Friday, 26 July 2013

372 Auster AOP - Scratchbuilt!

Hullo, All!

Just as it says above, I've been and gone and scratchbuilt me an Auster AOP for my 25pdrs [see forthcoming post]:
To be honest, I'm both fairly proud(!) and rather surprised by this, because I actually had no real intention to make it. It's made of card from a cornflakes packet, sellotape and glue, and was only ever supposed to be a mock-up to see if it was possible to make one out of plasticard.

Brief Version

Here is the development in 3 photos; all the details and many more pics -for those who are interested - are below:
Stage 1: cornflakes card covered in PVA to stiffen it and varnished to seal it and even-out the texture.
Stage 2: basecoated with old GW flying base too.
Stage 3: painted - all painted bar the insignia and maybe a little wash on the canopy. Sadly, I don't have any decals, and there's no way I'll chance doing it freehand.

Long Version -

I embarked upon this project on Tuesday night whilst Mrs Drax had the computer. This meant that I had no pictures to use for reference other than the first useful one from a quick google search. I should point out that the image blow is a PHOTO of that image, because I'd be unable to view it on the screen. I therefore was using the digital camera screen from my point of reference, and it was from this that I took all my measurements, too!

Here are my sketches, to map out the various component parts. Remember - this was only supposed to be a vague mock-up:

A bunch more shots of the construction itself, varnished.  You can see the dimensions scribbled on bits of it too. Please note that the wing is actually shaped into a basic aerofoil (scored and raised up between the layers, as annotated in the sketch):

Basecoated again:

...and finished (or as near as damnit):

The only non-cardboard component is the prop spinner, which is made from the very tip of an old-style GW Hunter-Killer missile held in place with a 1mm plastic pin.

Flaws and Issues
  1. The struts are way too chunky. In fairness, I didn't decide to commit to the build until after they were in place; and besides, they'd've been too weak had the card been any thinner...
  2. The scale. I have NO IDEA how big the actual models are, so this was based on a vague combination of my memory of other Flames of War planes 18months ago and a rough scaling from the image on the camera...
  3. The wings and tailplane are not flush - were I building this again, I'd build in a recess to allow for this
  4. The tailplane itself is a little shoddy and rushed. Again - not done with any sense of permanence.
  5. The texture is WAY too bumpy. Inevitable with the rough side of card - less of a problem with plasticard. The remnants of sellotape would go, too. It looks fine at a distance(!).
Storage and Carriage

Hmm...we'll see, eh?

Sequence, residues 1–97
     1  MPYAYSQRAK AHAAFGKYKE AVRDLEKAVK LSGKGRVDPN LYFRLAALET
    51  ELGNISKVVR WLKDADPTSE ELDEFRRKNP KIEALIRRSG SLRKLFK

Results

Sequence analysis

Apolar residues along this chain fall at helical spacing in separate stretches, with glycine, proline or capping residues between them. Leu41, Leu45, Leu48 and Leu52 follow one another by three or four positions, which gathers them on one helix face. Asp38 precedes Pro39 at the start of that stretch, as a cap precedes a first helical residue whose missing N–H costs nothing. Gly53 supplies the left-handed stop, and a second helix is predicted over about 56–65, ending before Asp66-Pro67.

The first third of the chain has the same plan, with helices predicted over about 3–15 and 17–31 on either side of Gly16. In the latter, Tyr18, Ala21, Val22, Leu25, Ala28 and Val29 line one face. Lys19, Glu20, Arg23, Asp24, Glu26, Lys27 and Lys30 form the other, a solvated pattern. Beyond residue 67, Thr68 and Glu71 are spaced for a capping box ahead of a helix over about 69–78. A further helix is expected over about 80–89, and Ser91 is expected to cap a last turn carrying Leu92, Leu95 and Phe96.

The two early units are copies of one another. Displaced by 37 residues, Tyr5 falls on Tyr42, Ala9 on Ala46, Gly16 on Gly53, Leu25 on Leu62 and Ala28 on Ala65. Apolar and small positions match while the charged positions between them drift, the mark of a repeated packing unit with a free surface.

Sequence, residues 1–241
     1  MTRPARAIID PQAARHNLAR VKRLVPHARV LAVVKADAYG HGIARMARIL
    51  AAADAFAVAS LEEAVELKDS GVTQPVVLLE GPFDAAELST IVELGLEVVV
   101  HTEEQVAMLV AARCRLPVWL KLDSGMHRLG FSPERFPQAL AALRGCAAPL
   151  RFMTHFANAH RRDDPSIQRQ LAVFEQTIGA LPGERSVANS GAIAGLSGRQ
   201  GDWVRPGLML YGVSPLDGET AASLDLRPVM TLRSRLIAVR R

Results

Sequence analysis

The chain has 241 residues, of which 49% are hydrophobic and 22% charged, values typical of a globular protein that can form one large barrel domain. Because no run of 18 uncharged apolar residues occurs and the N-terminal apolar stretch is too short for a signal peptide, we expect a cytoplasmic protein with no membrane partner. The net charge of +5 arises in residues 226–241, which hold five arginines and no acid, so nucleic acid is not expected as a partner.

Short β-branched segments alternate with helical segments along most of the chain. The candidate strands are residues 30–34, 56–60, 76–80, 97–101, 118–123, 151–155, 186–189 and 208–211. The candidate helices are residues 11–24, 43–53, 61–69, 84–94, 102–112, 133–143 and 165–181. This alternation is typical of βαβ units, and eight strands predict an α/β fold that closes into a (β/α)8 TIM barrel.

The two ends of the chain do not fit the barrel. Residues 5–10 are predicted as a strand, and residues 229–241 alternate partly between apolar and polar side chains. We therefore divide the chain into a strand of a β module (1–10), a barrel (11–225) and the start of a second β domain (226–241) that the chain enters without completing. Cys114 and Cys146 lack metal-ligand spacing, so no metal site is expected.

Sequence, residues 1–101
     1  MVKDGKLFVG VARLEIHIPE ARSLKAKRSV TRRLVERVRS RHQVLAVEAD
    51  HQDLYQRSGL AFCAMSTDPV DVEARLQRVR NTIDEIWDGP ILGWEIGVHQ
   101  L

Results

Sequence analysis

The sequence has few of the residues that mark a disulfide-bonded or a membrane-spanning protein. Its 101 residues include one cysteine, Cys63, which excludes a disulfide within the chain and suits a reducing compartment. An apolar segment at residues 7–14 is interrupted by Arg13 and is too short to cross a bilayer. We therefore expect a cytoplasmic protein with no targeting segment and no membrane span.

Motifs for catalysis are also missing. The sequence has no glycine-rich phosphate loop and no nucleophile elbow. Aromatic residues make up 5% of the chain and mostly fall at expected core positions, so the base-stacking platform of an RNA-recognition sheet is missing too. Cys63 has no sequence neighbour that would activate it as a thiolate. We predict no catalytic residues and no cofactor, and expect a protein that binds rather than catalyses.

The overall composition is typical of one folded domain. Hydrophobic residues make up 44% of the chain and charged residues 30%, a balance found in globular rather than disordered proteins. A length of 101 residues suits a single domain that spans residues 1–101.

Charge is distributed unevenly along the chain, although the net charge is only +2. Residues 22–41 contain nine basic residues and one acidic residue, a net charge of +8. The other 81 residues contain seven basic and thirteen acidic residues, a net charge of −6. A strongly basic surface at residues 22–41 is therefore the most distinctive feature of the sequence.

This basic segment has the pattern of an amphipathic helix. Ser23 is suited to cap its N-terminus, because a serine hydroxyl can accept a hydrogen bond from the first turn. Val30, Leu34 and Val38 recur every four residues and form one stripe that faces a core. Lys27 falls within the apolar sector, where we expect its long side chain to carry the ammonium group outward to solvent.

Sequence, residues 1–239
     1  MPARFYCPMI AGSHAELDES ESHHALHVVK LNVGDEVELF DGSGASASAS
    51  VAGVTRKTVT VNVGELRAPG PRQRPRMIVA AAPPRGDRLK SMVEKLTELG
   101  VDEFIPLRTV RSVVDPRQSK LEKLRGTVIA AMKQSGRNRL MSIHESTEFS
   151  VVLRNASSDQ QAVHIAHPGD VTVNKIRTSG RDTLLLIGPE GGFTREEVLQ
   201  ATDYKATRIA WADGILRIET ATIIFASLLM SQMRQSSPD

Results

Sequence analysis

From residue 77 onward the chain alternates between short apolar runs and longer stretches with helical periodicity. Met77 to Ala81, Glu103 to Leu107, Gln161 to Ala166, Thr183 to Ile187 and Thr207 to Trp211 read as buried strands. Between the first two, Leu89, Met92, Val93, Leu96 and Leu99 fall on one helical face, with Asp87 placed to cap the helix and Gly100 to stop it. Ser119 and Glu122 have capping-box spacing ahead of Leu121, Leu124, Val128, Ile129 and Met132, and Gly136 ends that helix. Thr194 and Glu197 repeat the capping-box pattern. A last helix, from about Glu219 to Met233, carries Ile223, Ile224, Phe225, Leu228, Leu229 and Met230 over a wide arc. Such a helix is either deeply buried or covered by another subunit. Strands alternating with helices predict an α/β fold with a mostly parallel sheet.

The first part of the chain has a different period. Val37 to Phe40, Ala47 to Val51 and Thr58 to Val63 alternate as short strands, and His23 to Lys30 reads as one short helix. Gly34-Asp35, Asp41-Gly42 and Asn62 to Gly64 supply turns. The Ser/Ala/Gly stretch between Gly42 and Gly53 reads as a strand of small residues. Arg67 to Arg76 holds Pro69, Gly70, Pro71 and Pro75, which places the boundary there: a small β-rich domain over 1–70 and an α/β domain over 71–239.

Thanks for making it this far, friends! A bit more Flames-y stuff over the next few days, and then we'll be back once more to 40K.

- Chris.

Tuesday, 23 July 2013

371 'Difficult Terrain' - The Weirdness of Tabletop Hills

Hullo, All.

Here's something which has been nagging me for a while now: why are terrain hills in tabletop battles usually so very 'unrealistic'?

[image used without permission from Kallistra, with no implication intended about their hills, which look beautifully crafted.]

This was brought to my attention by three things. Firstly, my attempts at 'imagining' line-of-sight when I played on very makeshift, mostly 2D terrain, here. Secondly, my recent realisation that I have pretty much no terrain that is not 40K cityfight stuff; and thirdly, I read an excellent and intriguing set of exploratory rules for cover on hills over at The M42 Project.

I was also re-watching 'Band of Brothers' for the umpteenth time, and when I saw them studying the D-Day sand tables I got very jealous.

I suppoe what I wondered was, 'can natural undulation be better represented in tabletop wargames?'.

I know that the simple answer here is no. For most practical purposes, normal terrain hills are fine...they're just not very realistic.
Obviously, the smaller your figures the better hills work, and there's always bound to be an element of silliness and abstraction when a 28mm figure is 'hiding' whilst standing up on a reverse slope (again see M42's ideas here) - but even in the reasonably small-scale Flames of War the hills seem a necessary yet unconvincing add-on.

No doubt a board of gently rolling downland or stark, rocky valleys would be beautiful, but a pain in the jacksie ruleswise and an absolute bugger to store too...but has anyone ever played on a more 'realistic' board like that? Did it work okay? Do please share.

That's enough from me - my brain has stopped functioning. Anyway, you get the idea.

Stay well,

- D.

Sunday, 21 July 2013

370 Flames of War - First Proper Game!